Supporting cast: Caleb, Jimmy, Hailey, Luke, Theresa, and the new kids; they're all good characters and they have their place. I'd say they all bring something good to the table except Theresa. So instead of an A, the rest gets an A-.

And here's the spoiler alert for those who haven't started watching Season 2 (marmar I'm looking out for you).

Season 2 looks to be shaping up nicely, with some good new characters. At first it seemed they were just going to rehash Season 1, with Seth chasing Summer and Ryan brooding about Marisa, but with the addition of the two new love interests, who I hope stay around, it looks like they are moving in a new direction. Thank god.

I also have to point out the way they have seemingly killed off Theresa. If they don't bring her back, it'll be the best hush-hush character kill-off of all time, sort of like when they replaced the Mom in 'Fresh Prince' but expected everyone to go with it. Of course, they probably will bring her back, but I hated that whole storyline, so the less time they spend on it the better.

Ok. I think I just wrote a thousand words on the O.C. I'm going to watch football so I can pretend I have masculinity at the end of the day.

Saturday, December 04, 2004


Transcendent Games

You are not going to believe this, but there appears to be a strong negative correlation between having a girlfriend around, and the amount of time I spend playing video games. Who would have thunk it! Now now, I am not saying that all gamers are simply losers without girlfriends. Ben Helms disproves that theory…he’s a loser with a girlfriend. Zing!

Ok I need to stop. Anyways one of the reasons I haven’t been playing as many video games recently is that I haven’t found a truly great game in quite some time. Usually I can find a great game every year to 18 months or so, one in which I can become totally obsessed with. These games infiltrate my life, to the point where I will start using phrases from the game in everyday life (Starcraft,) have dreams about said games (Quake 3), or refer to the characters within the games as actually real people (Super Smash Brothers.)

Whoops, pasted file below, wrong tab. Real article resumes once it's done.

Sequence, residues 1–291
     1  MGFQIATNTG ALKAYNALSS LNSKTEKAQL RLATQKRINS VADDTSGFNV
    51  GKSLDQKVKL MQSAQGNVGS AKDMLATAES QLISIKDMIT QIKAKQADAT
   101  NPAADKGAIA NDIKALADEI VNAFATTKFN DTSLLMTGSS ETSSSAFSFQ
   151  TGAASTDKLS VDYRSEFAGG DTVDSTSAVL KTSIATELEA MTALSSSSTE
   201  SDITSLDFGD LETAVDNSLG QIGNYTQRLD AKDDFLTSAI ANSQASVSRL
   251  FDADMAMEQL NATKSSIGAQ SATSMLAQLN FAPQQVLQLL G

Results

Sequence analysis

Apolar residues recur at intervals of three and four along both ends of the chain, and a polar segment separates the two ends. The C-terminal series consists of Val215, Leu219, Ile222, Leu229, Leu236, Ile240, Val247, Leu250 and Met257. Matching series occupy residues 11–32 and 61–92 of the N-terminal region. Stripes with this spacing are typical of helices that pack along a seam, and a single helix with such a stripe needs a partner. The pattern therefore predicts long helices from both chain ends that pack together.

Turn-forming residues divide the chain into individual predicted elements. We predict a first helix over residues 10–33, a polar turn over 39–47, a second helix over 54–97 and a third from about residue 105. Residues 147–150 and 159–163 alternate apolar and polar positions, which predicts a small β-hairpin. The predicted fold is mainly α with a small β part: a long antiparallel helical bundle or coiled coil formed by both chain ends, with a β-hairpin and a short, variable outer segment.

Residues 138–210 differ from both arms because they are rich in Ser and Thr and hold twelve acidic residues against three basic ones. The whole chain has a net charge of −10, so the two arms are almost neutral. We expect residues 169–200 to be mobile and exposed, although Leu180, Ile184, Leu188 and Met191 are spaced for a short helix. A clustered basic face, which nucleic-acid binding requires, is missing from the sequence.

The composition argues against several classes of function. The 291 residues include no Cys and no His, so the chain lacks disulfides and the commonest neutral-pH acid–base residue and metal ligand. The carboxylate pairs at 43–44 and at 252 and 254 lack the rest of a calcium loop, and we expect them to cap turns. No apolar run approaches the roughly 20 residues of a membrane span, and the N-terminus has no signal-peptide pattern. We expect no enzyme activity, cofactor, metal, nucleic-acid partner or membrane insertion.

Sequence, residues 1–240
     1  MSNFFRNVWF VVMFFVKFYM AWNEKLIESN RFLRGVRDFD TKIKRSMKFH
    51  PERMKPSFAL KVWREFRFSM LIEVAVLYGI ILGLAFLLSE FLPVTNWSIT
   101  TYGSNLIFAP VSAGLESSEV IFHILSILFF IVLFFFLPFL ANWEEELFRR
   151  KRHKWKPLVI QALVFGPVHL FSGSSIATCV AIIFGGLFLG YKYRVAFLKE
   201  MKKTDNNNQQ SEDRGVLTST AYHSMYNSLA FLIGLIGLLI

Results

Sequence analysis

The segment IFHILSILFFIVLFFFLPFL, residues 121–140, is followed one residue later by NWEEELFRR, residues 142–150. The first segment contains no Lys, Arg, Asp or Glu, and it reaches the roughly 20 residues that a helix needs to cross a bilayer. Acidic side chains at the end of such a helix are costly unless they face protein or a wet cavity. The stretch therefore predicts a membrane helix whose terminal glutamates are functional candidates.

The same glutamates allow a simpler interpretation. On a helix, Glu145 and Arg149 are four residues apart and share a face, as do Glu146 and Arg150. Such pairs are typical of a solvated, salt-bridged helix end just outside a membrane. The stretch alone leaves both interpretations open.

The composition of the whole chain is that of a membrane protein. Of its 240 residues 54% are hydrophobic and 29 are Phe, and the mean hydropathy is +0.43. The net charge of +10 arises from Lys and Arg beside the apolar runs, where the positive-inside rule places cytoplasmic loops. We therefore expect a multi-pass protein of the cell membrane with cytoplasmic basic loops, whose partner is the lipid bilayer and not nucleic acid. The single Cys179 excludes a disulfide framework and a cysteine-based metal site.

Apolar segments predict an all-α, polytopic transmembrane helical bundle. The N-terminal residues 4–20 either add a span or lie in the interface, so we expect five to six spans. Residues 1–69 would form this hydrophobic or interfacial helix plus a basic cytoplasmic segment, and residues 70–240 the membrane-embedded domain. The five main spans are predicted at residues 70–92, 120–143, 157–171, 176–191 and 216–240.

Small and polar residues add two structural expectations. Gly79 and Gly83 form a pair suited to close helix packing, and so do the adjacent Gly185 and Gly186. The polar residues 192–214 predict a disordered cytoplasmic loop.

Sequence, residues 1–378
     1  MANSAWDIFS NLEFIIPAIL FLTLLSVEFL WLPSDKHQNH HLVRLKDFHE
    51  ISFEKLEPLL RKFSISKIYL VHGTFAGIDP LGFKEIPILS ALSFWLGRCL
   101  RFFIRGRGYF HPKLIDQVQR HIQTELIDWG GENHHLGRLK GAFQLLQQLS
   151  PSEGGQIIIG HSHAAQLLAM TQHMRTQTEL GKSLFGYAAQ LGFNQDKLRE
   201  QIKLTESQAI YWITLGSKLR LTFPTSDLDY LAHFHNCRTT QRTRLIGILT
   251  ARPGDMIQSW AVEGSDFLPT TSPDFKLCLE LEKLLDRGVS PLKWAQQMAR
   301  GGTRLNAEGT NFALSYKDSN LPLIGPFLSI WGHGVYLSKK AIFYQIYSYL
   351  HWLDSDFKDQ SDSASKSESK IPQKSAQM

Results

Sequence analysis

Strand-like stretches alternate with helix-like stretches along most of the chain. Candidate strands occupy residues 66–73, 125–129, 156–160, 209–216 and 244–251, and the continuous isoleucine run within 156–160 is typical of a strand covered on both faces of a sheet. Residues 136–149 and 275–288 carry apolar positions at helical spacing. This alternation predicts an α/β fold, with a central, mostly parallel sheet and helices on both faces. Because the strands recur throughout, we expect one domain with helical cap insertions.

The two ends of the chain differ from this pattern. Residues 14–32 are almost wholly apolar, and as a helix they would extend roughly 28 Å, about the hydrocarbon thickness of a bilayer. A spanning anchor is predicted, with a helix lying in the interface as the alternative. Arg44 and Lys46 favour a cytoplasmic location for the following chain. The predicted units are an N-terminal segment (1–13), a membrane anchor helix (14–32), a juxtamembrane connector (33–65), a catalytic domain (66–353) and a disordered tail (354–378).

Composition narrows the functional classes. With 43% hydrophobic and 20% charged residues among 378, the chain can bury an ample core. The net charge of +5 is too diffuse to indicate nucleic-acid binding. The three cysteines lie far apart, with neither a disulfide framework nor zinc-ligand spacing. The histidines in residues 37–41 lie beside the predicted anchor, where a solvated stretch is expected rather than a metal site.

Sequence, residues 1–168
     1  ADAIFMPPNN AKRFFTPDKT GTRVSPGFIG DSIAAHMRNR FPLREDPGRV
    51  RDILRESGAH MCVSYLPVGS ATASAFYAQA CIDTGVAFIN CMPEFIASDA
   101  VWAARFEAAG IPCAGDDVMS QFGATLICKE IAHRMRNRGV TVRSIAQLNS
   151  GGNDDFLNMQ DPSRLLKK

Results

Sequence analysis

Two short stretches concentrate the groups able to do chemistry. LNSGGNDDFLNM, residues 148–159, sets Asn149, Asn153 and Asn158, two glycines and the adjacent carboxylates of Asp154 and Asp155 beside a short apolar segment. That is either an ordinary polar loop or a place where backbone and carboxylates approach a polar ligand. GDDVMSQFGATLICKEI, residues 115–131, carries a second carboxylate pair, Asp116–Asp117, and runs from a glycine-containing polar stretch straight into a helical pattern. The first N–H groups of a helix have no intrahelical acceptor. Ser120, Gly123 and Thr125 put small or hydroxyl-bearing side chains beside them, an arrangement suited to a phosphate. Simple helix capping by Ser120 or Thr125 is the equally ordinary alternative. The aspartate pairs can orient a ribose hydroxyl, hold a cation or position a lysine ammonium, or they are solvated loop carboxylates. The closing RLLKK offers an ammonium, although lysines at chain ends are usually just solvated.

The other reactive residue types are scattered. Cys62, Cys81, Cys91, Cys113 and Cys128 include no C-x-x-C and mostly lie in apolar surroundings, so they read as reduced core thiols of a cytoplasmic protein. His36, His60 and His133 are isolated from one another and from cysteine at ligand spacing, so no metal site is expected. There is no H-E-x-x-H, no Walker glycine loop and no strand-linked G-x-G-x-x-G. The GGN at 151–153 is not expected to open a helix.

Total immersion in a game does not make said game great. Sometimes a group of friends can take a game to a new level of fun, the prime example being Wrestlemania 2000 with my group of friends, spawning several embarrassing alcohol related incidents that I will not recount out of shame, with the exception of reminding everyone that these incidents led to the discovery that Billy uses jockstraps for underwear. Sometimes you immerse yourself in a game because you are insanely bored and looking to kill time in your miserable life. Anyone who has ever become addicted to minesweeper or Snood can attest to this.

Sometimes though, total immersion happens simply because the games are fantastic. So here is my tribute to the ultimate Pantheon games. This is one man’s opinion, feel free to add, disagree, and discuss

NHL 94: Some will say 93 was better as it had Fighting and blood, however 94 had the one-timer, one of the most important innovations in sports video gaming ever. Of course, there were 4 or 5 moves that would be guaranteed to score goals every time. I have never been beaten at this game…although my brother claims to have once bested me. I may have willingly blocked this out of my memory, however, so in my consciousness, I am the champ.

Zelda 64: More sibling rivalry notes: My brother bought this game with his own money, and thus refused to let me beat it before he did, which was total garbage. I triumphed over him by beating it at my friends’ house unbeknownst to him. God I am the coolest. This game builds perfectly, has a cool fighting mode, cool storyline, awesome dungeons, and the greatest final stage of all time. Plus Adult Link is such a badass.